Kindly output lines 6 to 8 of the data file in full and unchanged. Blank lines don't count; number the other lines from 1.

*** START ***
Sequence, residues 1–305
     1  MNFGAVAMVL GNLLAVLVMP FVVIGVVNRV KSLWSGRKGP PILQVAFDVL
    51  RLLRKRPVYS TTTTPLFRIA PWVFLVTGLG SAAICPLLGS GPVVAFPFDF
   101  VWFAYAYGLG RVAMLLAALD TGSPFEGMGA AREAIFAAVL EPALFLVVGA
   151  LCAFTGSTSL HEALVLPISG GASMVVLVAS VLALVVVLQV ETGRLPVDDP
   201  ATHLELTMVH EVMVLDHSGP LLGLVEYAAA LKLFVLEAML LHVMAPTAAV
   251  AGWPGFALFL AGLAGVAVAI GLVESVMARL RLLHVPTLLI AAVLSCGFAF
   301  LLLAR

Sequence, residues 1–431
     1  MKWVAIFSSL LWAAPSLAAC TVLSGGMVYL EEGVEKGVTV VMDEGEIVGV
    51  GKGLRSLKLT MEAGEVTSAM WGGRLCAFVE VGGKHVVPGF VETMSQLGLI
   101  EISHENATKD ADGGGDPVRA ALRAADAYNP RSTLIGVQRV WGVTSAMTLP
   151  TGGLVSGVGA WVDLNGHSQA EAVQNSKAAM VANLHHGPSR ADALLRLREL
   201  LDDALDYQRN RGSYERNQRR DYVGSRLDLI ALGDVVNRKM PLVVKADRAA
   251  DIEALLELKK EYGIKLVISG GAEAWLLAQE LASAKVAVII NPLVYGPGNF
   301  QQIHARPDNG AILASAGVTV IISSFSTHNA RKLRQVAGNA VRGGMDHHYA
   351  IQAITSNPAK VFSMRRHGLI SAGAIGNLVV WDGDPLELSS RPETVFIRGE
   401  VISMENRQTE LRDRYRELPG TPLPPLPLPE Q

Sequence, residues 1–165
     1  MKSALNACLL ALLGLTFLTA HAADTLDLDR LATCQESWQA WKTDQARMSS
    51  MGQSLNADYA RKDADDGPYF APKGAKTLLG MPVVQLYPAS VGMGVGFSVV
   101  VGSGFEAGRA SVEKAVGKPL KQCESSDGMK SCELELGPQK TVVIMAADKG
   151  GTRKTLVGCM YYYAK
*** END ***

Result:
   201  ATHLELTMVH EVMVLDHSGP LLGLVEYAAA LKLFVLEAML LHVMAPTAAV
   251  AGWPGFALFL AGLAGVAVAI GLVESVMARL RLLHVPTLLI AAVLSCGFAF
   301  LLLAR